The Smart Cities of the Present
Considering government officials have a tendency to be a bit behind the curve on tech issues, receiving a little help from industry experts is the key to making the smart city movement successful. Fortunately, one company is dedicating time and resources to do exactly that.
IGNITE is a global consulting practice giving the smart city movement a bit of structure. By working with multiple cities to focus their efforts on practical, easy-to-install technology, the company, led by CEO George Burciaga, is trying to jump start a more connected future.
“IGNITE supports mayors in resolving critical city issues by using technology that’s focused on people,” said Burciaga in an interview with Tech.co. “We develop solutions with partners that can scale, replicate and become profitable for all cities. The result creates a visible impact that is measured by people through citizen engagement, transformed infrastructure, and improved city services.”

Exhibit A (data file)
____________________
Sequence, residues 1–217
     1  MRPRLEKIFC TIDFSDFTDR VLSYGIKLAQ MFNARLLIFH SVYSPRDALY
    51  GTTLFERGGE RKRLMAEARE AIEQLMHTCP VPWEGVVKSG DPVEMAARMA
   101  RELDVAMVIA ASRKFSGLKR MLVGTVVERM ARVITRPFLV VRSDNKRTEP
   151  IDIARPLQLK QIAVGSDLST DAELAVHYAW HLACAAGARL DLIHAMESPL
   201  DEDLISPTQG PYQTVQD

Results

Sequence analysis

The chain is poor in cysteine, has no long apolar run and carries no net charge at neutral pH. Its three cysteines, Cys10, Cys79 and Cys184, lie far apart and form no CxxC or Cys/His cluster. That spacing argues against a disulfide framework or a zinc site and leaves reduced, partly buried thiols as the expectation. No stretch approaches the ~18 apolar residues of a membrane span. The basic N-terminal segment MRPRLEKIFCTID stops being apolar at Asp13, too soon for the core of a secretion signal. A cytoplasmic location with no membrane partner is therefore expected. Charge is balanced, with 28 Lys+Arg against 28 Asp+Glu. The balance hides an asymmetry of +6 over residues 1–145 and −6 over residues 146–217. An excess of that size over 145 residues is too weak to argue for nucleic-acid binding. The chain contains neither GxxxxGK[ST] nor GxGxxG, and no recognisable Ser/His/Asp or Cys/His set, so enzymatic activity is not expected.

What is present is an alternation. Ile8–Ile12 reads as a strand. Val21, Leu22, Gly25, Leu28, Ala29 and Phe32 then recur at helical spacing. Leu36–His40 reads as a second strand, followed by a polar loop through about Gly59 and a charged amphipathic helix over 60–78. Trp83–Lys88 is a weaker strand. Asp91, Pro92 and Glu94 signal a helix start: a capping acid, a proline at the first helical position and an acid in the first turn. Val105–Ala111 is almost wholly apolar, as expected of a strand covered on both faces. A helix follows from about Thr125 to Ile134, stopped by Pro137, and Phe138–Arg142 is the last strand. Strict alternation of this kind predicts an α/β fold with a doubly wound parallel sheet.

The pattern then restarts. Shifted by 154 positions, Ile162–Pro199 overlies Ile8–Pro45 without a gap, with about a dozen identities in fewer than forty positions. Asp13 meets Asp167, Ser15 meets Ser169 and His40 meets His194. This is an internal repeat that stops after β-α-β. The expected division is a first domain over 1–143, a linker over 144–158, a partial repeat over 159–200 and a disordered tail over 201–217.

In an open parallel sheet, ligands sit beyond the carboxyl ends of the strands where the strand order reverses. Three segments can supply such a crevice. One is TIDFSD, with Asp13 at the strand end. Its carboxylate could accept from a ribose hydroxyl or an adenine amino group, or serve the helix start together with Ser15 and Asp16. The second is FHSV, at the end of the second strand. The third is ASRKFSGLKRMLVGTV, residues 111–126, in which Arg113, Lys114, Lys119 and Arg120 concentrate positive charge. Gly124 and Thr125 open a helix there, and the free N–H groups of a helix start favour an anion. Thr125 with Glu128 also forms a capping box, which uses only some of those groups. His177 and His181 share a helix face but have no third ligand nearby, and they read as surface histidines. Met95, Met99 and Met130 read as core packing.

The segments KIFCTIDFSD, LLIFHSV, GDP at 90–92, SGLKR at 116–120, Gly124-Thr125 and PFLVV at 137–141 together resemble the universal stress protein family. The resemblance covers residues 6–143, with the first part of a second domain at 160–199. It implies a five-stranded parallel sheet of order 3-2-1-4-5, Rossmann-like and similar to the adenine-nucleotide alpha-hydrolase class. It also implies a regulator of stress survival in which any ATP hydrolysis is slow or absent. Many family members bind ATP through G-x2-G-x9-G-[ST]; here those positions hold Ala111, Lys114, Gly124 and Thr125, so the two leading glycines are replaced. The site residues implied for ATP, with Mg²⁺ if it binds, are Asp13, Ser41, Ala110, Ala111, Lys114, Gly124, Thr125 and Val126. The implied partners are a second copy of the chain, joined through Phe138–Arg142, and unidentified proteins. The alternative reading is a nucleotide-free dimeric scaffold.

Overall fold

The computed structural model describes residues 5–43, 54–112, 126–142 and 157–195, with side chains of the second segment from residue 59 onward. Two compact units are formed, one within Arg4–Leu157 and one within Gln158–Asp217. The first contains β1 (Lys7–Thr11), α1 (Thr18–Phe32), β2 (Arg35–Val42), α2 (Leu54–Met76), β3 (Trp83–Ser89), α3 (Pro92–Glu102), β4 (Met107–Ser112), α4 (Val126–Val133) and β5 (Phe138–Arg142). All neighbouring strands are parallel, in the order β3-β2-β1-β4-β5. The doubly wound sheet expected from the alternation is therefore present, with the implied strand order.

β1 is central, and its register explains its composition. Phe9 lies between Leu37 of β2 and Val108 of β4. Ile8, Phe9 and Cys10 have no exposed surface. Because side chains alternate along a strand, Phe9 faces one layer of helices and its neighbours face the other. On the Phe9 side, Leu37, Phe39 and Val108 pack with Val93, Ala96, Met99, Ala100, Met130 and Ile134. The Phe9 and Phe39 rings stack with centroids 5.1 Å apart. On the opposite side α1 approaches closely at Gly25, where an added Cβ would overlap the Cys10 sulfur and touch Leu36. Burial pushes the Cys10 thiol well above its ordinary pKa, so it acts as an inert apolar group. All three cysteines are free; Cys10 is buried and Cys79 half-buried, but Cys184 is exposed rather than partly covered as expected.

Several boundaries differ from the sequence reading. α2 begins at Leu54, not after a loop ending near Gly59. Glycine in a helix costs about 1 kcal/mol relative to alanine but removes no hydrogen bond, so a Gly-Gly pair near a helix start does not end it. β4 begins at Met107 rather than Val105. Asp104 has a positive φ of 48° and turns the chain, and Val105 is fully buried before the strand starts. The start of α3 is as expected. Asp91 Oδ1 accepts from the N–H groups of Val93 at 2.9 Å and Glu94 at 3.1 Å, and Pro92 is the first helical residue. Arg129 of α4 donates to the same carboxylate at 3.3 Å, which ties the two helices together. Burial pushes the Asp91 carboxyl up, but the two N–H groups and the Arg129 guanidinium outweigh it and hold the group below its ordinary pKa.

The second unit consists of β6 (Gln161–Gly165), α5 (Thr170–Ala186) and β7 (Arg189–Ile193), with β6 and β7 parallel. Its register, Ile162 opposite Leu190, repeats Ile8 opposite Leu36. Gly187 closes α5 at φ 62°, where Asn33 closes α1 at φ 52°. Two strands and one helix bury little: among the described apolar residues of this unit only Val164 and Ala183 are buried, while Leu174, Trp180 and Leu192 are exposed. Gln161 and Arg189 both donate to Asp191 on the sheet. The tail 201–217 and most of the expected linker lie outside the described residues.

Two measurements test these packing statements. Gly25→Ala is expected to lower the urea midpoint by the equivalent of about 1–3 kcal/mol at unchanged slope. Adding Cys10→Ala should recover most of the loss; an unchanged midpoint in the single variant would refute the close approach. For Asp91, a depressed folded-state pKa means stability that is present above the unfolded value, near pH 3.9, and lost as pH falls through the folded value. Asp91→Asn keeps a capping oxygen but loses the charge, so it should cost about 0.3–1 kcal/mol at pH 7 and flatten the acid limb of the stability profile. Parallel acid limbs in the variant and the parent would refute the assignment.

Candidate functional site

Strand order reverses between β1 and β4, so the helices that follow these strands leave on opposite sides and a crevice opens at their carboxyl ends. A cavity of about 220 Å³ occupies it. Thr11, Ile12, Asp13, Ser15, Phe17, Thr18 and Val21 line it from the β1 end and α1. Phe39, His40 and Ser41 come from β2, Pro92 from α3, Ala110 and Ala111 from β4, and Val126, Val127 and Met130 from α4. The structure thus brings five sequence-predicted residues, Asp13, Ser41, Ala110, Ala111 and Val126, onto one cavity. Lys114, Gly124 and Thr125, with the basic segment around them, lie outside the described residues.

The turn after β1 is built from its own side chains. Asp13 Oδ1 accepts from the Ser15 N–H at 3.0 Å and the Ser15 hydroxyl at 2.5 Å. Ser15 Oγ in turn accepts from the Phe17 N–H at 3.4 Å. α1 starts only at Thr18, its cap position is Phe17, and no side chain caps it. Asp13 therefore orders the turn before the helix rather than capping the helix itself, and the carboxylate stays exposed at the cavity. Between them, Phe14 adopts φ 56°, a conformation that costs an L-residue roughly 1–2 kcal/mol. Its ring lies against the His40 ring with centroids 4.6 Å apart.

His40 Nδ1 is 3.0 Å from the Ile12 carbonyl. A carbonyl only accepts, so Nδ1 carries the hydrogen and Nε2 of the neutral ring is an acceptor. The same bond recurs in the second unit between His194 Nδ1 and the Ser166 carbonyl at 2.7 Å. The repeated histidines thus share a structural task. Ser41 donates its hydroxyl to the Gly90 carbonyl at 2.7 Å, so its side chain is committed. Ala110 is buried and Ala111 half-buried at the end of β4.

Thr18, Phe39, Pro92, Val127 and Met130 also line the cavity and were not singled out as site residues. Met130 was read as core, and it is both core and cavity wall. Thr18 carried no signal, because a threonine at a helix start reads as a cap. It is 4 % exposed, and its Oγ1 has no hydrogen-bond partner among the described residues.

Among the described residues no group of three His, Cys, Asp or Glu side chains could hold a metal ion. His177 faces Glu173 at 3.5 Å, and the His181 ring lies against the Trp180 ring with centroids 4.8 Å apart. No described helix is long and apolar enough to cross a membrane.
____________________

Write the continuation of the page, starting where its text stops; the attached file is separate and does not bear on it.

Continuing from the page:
Currently, IGNITE has partnerships with the mayors of Los Angeles, Miami, Honolulu, and Columbia, South Carolina. These partnerships aim to develop an effective methodology that will allow these cities to not only embed this technology, but also scale as necessary and replicate it in other cities.
This aspect of the project is notably important because, as Burciaga points out, no one has really figured it out yet.
“The requirement for cities to become smart and connected has countless resources from both private and public sector. Both entities are extremely busy, yet no real and quantifiable traction has been made systematically. There have been one-off projects that have taken months to RFP and even longer to accomplish, but they are usually in silos and are not sustainable.”